Wether wet and cold or sunny and warm: In Berlin you don't have to miss out on shopping at the weekly market in any weather. Regular weekly markets, cosy eco-market, fancy streetfood market or nostalgic market hall – the offering is huge. If you like to listen to the offers of the market criers, haggle over cheese prices, chat with the organic farmer about their tomatoes or just enjoy the market atmosphere, then you've come to the right place. In every part of town – if not in every quarter – you can do your shopping at quaint weekly markets, satisfy your hunger at snack carts and food trucks and conclude your market visit with a steaming cup of coffee. As you stroll from stand to stand, gazing over fruit and vegetables, watching Turkish mothers bake and having Italian men sell you handmade pasta, you'll soon forget you're in the middle of hectic Berlin.
We've selected seven markets all over the city where you can do your weekly shopping and taste delicious treats. You'll soon notice that the markets vary considerably from district to district. In the Dahlem domain, young organic farmers sell you their home-grown potatoes in knitted sweaters, in the Arminius market hall in Moabit you like to wait in line for your currywurst, at the weekly market on Boxhagener Platz you can enjoy the village atmosphere in the middle of the big city and in the Markthalle Neun in Kreuzberg you go on a journey back in time to the late 19th century. Whatever your preferences, you are guaranteed to find what you are looking for in our selection.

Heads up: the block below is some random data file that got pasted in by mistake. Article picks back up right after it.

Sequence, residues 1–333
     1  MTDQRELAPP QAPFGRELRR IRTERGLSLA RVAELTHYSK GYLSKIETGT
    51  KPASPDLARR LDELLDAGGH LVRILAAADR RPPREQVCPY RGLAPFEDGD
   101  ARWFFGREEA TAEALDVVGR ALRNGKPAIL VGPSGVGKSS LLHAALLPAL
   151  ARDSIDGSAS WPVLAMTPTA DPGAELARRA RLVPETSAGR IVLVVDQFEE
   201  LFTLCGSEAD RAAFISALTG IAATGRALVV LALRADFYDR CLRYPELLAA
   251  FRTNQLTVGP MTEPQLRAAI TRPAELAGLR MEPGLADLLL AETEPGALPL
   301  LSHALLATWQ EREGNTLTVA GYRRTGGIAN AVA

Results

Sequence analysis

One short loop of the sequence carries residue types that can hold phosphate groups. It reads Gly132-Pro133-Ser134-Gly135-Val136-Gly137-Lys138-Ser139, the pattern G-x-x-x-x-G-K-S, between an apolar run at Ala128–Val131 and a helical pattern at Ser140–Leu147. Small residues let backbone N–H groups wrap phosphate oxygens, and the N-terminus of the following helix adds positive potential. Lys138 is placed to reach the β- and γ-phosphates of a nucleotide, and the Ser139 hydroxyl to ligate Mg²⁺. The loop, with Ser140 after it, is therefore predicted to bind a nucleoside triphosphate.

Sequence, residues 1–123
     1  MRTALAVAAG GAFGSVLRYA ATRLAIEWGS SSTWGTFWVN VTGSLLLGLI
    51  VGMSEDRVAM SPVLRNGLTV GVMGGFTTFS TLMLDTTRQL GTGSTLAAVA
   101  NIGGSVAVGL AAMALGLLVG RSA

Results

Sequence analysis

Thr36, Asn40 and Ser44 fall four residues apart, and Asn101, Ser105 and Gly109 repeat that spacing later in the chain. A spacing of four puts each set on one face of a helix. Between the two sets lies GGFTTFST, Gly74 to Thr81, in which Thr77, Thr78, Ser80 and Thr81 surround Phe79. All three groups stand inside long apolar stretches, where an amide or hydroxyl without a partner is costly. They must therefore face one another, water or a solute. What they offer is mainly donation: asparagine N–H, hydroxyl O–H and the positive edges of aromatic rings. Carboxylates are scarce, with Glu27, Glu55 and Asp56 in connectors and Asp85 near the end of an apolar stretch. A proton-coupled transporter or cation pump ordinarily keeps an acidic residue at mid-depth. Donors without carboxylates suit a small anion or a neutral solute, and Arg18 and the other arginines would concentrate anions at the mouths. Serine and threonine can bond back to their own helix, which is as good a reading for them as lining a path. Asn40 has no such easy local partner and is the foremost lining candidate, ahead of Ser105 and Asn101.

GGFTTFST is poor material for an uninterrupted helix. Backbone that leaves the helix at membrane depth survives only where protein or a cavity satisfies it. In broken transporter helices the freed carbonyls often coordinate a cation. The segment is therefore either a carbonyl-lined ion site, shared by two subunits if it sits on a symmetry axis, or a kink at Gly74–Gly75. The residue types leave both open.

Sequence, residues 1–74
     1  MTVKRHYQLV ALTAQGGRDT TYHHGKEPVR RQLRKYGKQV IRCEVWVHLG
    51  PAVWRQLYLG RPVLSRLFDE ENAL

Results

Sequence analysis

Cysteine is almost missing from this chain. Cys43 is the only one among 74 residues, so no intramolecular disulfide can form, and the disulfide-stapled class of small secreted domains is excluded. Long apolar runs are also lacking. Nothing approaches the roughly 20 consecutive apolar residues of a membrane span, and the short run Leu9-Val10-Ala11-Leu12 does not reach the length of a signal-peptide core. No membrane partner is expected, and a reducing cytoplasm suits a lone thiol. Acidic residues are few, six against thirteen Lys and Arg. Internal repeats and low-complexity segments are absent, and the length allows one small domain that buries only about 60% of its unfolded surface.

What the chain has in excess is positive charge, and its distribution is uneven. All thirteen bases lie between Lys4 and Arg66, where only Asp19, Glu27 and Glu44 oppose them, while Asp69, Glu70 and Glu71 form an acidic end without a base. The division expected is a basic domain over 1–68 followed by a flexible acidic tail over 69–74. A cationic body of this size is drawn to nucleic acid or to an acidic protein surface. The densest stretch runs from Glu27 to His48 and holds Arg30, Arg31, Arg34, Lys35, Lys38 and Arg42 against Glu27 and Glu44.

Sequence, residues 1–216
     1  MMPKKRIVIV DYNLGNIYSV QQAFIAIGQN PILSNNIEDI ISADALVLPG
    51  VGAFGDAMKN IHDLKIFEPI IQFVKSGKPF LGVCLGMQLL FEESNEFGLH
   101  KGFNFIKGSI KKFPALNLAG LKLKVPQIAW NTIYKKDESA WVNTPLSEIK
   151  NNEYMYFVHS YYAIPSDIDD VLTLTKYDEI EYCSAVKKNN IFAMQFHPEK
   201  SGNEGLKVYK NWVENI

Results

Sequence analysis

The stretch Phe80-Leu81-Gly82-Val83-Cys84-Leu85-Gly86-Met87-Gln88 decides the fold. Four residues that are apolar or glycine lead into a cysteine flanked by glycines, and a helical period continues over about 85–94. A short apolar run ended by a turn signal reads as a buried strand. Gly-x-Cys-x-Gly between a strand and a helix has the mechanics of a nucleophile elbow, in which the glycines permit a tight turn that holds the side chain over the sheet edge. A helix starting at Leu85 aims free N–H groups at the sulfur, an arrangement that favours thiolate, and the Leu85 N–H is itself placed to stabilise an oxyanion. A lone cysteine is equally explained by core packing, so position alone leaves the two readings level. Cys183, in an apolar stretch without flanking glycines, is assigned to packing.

You can reach all our gourmet Tours comfortably with the S-Bahn — meaning more time in the markets and less time looking for parking. The markets are often only a few minutes away from the S-Bahn stations – so you can easily transport large purchases home. And if it gets too much, you can borrow your grandma's shopping trolley first.
In the late 19th century, the Berlin city council decided to build a total of 14 market halls in the districts of the growing city. Better hygiene, a central location, good storage options and permanent roofing made the halls a complete success. Of the 14 market halls in Berlin, only four have survived today, but they have enjoyed even greater popularity in recent years.Markthalle Neun between Eisenbahnstraße and Pücklerstraße is a real gem for gourmets. From Monday to Saturday you can stock up on regional products at the weekly market here. In addition, from Monday to Friday, all kinds of snacks, bakeries, coffee stands and ice cream sales spoil you with delicious treats.The best way to get to Markthalle Neun is from Berlin Ostbahnhof, which is served by the S-Bahn lines S3, S5, S7, S75 and S9. On the Schillingbrücke it goes over the Spree to Kreuzberg. Here you follow Engeldamm for a few meters and then turn into Wrangelstraße. All the way to the next street crossing and your stroll through the market hall can begin. With bags fully packed, the way back to Ostbahnhof is the same.